Clarvan Strang looked older than his forty years. Too many seasons in the sun had robbed his skin of youth. Knotted brown leather with wrinkled rivers of gathered hide covered every square inch of skin that shirts and pants and overalls hadn’t covered over the years. Crow’s feet at the edges of his eyes were as deep as canyons, the result of a perpetual squint that no longer served only to protect him in the sun but followed him indoors.  Rare passers-by, sitting in horse-drawn buggies on the worn path to town in the distance nodded at the man with the scythe, mistaking the swinging motions of his arms cutting wheat as waves. His cabin, cobbled together from scrap lumber, mud, straw, and tin, could barely be called a house. It sheltered him from the worst of the winter storms, but it was far from comfortable. It provided a place out of the weather, though, were he could sit on a wooden stool in front of the fire or the open door and sharpen the blade of his scythe. The scythe was the only tool he owned that merited such rapt attention. He spent every evening sharpening and polishing the blade, sharper after twelve years than the day it was made. Strang had replaced the snath and the handle twice in those twelve years. The grain cradle attached to it was the fourth or fifth in the same time frame, as the pieces of the cradle tended to break with heavy use. Strang repaired the cradle until the repairs would no longer hold the tines in place and then would build a new one.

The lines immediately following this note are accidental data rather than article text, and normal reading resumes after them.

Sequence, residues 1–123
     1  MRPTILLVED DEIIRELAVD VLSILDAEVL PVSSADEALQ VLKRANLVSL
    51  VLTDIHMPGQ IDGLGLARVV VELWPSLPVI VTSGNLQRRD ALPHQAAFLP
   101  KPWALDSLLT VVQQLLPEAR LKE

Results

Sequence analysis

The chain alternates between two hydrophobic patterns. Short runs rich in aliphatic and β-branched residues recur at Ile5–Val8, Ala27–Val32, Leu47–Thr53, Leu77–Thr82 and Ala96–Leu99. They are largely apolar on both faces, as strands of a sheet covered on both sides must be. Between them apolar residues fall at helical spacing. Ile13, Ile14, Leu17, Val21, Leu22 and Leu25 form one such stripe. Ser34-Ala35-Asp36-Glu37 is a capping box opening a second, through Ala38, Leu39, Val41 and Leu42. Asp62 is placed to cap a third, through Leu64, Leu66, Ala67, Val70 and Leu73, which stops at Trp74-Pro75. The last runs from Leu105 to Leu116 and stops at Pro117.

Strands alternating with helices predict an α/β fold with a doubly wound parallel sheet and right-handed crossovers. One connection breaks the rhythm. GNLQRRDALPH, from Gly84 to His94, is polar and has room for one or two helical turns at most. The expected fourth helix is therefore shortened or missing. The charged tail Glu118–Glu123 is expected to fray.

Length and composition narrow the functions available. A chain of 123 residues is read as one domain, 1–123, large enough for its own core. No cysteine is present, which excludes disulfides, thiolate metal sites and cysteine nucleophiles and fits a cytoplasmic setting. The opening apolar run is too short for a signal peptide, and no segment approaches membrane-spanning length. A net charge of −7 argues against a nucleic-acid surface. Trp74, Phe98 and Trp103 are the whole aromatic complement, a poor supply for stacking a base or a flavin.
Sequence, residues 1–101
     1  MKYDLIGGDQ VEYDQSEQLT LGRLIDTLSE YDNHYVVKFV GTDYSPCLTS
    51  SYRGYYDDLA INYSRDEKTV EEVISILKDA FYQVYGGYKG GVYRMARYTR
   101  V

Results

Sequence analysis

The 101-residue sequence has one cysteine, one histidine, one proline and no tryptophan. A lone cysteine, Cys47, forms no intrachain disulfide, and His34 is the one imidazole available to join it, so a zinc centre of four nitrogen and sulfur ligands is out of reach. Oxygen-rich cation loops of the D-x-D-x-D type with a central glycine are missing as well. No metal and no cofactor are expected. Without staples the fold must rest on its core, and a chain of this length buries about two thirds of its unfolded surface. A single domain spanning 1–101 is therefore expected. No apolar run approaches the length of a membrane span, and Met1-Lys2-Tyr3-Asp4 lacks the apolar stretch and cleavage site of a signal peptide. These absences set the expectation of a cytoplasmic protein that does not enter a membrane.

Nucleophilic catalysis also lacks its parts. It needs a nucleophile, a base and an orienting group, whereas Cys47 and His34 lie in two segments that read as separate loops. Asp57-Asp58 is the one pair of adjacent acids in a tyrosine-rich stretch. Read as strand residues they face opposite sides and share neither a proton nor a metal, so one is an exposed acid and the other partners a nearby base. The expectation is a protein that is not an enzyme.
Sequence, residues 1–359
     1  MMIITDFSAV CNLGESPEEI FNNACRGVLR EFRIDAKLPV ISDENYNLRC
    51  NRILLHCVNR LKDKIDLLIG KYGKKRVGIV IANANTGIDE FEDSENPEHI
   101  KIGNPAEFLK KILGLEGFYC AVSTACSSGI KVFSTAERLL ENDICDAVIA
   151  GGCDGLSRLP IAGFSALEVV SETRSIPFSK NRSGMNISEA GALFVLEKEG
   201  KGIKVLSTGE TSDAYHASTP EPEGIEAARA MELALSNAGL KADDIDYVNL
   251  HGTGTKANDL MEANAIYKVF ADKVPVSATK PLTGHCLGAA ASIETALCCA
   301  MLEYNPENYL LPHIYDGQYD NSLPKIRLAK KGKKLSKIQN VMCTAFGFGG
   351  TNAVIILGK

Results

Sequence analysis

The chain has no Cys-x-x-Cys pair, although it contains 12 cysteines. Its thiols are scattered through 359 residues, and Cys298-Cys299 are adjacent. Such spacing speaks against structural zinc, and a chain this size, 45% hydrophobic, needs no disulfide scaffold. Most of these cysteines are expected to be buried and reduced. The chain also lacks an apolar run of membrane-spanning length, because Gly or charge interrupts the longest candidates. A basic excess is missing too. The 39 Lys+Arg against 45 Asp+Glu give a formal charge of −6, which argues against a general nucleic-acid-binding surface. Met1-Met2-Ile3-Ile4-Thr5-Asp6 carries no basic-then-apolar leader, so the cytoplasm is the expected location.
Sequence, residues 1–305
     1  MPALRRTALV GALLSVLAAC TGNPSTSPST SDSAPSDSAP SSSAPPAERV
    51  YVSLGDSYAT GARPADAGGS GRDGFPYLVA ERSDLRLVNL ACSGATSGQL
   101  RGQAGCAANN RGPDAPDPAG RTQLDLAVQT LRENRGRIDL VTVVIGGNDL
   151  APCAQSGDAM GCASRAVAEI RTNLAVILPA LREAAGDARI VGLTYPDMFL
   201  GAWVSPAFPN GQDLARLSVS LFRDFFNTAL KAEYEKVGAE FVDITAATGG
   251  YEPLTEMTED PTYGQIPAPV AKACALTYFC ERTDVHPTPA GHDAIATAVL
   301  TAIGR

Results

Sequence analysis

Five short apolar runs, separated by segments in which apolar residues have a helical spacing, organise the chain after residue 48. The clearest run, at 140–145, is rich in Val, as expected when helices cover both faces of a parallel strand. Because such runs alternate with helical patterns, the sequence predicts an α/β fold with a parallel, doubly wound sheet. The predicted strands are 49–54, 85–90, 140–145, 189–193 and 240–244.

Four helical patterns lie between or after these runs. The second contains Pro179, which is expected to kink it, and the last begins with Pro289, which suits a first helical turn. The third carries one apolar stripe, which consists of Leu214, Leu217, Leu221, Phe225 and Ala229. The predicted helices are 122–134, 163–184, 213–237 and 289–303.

Forty years old wasn’t old, but it wasn’t young. In the harsh middle of Kansas, forty could be either. Age and arthritis and too many seasons in the sun caught up with him. He could no longer gather wheat, so he would no longer be able to look after himself. Strang made a choice.  Strang sharpened his scythe blade one last time, putting the finest edge on the blade he’d ever done. The next morning, he attached the blade to the door frame of his cabin, the sharp edge of the blade extending from the frame outward, the wide part of the blade parallel to the ground, about five feet from the ground. He fiddled with the blade until it was as firmly fixed as it could be, then stepped back from it, some twenty paces. He ran, as fast as his legs would carry him, toward the blade, lifting his chin slightly just as he reached it. The blade severed his head as cleanly as it ever cut a stand of wheat.

About John Swinburn

"Love not what you are but what you may become."― Miguel de Cervantes
This entry was posted in Uncategorized. Bookmark the permalink.

I wish you would tell me what you think about this post...

This site uses Akismet to reduce spam. Learn how your comment data is processed.